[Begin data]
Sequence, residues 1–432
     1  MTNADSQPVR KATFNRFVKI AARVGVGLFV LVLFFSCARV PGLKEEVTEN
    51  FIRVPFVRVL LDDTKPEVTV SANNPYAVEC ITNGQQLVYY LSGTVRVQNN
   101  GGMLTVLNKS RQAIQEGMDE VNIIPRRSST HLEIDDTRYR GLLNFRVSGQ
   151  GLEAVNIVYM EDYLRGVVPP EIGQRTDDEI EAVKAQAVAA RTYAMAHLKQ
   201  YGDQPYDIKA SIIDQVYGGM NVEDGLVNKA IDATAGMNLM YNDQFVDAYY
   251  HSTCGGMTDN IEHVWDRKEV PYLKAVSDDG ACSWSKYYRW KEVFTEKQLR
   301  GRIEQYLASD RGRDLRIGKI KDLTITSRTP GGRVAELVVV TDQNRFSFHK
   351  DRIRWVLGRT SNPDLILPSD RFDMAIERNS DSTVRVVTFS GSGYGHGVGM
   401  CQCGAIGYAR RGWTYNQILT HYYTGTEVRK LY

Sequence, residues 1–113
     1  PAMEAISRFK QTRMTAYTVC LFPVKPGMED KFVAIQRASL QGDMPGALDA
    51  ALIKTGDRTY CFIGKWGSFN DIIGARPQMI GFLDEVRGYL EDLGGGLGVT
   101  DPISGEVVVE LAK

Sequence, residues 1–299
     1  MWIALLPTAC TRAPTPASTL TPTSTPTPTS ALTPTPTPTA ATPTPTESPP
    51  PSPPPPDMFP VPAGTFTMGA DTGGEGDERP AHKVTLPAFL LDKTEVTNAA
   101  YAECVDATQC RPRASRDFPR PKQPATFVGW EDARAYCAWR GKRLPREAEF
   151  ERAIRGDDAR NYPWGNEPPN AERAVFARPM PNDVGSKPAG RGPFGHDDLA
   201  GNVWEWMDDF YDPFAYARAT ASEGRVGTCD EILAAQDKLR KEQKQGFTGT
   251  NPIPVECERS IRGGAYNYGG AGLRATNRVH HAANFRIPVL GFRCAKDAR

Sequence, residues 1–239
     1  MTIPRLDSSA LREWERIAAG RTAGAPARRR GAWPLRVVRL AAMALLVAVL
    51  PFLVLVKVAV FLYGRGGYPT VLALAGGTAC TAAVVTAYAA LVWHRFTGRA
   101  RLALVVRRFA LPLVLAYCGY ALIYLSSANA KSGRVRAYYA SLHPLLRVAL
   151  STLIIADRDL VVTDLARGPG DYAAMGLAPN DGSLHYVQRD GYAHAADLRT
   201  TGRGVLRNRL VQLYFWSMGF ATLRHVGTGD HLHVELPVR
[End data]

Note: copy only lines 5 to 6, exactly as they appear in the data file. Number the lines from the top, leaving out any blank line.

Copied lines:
   151  GLEAVNIVYM EDYLRGVVPP EIGQRTDDEI EAVKAQAVAA RTYAMAHLKQ
   201  YGDQPYDIKA SIIDQVYGGM NVEDGLVNKA IDATAGMNLM YNDQFVDAYY